2003 Seattle Annual Meeting (November 2–5, 2003)

Paper No. 4
Presentation Time: 8:55 AM


SALTUS, RW., U.S. Geol Survey, Mail Stop 964 - Box 25046, Denver Federal Center, Denver, CO 80225-0046, HUDSON, T.L., Applied Geology, P.O. Box 1428, Sequim, WA 98382 and WILSON, Frederic H., US Geol Survey, 4200 University Dr, Anchorage, AK 99508-4626, saltus@usgs.gov

A well-known, theoretical ambiguity applies to the interpretation of long-wavelength potential field (gravity and magnetic) anomalies – it is not possible to distinguish mathematically between a broadly distributed shallow source and a more concentrated, but deeper, source. However, this theoretical ambiguity can generally be overcome in crustal-scale interpretations if we incorporate a modest set of assumptions (e.g. geologically reasonable physical property distribution) and additional geoscience information. In particular, it is important to note that lateral density and magnetic susceptibility variations (the source of gravity and magnetic anomalies, respectively) are not, a priori, limited to any specific level of the crust, and, depending on the tectonic or geologic setting, are expected to be distributed throughout the crust.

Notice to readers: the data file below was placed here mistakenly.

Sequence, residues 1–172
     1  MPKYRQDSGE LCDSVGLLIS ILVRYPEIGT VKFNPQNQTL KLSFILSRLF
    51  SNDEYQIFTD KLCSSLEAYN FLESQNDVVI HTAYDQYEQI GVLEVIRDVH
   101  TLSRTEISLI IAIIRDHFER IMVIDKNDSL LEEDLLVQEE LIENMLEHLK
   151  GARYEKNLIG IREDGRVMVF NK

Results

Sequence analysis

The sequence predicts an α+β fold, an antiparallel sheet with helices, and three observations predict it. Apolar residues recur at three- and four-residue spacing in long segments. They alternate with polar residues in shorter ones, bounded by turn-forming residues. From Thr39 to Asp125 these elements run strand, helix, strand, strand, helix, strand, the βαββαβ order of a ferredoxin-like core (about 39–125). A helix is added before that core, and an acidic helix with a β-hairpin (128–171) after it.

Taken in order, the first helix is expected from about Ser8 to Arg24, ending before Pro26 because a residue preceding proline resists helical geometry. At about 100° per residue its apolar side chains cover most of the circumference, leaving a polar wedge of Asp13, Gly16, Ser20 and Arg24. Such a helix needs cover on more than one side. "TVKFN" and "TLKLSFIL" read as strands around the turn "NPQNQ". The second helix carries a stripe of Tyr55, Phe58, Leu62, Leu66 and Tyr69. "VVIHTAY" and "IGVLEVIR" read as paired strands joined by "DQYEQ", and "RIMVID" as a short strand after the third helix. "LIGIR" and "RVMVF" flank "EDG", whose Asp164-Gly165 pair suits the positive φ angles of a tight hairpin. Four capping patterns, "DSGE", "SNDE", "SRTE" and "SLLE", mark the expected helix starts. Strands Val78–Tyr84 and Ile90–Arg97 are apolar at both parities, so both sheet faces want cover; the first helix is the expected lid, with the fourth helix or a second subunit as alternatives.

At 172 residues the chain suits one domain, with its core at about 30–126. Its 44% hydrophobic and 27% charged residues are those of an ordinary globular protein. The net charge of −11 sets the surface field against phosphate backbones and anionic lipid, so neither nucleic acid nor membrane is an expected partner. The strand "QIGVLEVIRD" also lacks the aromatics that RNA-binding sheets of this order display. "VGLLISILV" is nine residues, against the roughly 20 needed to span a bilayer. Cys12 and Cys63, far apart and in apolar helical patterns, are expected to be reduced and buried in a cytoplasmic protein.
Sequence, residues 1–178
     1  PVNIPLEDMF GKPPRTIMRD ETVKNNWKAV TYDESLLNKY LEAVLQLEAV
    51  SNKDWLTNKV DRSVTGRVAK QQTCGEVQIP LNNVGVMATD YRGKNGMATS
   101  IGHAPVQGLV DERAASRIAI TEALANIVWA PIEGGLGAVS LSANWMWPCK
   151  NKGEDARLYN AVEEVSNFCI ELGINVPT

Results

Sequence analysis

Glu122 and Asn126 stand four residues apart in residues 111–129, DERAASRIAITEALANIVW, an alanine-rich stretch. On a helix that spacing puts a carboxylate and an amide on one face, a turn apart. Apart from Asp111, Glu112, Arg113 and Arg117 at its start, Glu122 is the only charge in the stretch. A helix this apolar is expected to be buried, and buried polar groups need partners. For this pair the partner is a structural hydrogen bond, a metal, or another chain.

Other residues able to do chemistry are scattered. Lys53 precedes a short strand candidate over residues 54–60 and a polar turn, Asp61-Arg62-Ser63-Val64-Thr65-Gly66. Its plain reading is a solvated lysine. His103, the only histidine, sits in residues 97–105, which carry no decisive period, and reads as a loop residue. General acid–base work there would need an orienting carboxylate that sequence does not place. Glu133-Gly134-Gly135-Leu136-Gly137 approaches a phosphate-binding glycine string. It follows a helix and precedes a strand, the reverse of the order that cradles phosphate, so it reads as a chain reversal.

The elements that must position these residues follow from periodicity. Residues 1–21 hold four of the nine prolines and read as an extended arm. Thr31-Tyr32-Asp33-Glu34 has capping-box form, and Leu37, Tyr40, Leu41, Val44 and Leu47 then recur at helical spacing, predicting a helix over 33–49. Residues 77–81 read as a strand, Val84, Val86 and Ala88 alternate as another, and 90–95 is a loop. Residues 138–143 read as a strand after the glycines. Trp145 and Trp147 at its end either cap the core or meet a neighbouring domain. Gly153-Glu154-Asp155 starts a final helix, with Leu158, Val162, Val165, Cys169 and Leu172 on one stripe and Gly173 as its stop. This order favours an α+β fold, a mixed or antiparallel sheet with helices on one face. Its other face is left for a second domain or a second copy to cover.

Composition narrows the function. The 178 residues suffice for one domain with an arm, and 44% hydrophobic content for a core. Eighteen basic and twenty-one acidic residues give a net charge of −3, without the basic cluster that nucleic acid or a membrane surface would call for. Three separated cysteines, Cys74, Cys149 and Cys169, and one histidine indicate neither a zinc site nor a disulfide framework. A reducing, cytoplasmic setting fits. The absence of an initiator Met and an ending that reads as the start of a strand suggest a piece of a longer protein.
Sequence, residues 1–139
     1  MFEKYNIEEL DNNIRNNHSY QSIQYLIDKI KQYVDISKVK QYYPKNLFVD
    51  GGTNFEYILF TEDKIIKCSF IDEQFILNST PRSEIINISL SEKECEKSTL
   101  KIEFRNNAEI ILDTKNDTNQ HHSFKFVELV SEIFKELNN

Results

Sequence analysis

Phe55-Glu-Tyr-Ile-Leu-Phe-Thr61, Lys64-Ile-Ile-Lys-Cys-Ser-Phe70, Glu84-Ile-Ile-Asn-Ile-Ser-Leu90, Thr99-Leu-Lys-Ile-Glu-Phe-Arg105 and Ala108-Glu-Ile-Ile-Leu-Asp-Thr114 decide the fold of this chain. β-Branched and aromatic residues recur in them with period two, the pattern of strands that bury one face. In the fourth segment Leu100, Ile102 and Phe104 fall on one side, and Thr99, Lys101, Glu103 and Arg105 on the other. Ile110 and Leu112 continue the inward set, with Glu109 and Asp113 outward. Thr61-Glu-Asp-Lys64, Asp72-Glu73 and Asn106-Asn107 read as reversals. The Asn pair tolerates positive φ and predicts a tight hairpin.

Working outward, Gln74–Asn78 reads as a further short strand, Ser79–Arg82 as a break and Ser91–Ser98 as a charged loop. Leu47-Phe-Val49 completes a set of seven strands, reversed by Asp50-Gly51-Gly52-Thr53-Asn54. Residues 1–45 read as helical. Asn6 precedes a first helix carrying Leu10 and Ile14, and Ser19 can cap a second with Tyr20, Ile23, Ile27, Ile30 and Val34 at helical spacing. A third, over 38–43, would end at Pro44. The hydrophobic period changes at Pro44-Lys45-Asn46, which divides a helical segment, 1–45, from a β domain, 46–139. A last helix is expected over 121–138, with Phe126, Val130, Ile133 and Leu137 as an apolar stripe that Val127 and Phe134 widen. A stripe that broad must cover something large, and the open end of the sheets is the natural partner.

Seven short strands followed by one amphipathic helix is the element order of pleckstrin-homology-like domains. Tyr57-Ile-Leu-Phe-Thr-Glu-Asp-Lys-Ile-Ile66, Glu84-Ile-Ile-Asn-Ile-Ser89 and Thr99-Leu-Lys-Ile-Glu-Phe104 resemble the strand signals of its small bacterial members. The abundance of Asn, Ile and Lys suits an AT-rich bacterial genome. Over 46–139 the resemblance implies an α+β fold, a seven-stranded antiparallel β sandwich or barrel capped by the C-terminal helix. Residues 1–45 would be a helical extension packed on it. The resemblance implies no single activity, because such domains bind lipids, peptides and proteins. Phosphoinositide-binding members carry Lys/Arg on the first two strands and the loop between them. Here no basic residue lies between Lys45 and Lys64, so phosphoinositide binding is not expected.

Southern Alaska, with a long history of continental margin convergence, strike-slip faulting, and accretion, is a setting where lateral density and magnetic susceptibility variations can develop at all levels of the crust. Thus, regional-scale gravity and aeromagnetic data contain distinctive anomalies at a range of wavelengths. We have identified, at the broadest scale, a series of aeromagnetic anomalies that reflect fundamental, crustal-scale, variations in magnetic character. The southern Alaska magnetic high (SAMH), a central, through-going magnetic element, spans wavelengths consistent with a thick source of highly magnetic rocks in the middle and lower crust. Discontinuously present on the northern side of the SAMH, the southern Alaska magnetic trough (SAMT) results from a large region of upper to middle crust with anomalously low magnetic susceptibility. In our analysis of these anomalies we assume that lateral physical property variation occurs at all levels of the crust, so that we can reasonably use mathematical methods, such as matched filtering and upward continuation, to derive geophysical depth slices. The validity of these depth slices can be tested against other geophysical data and viewed in terms of geological scenarios.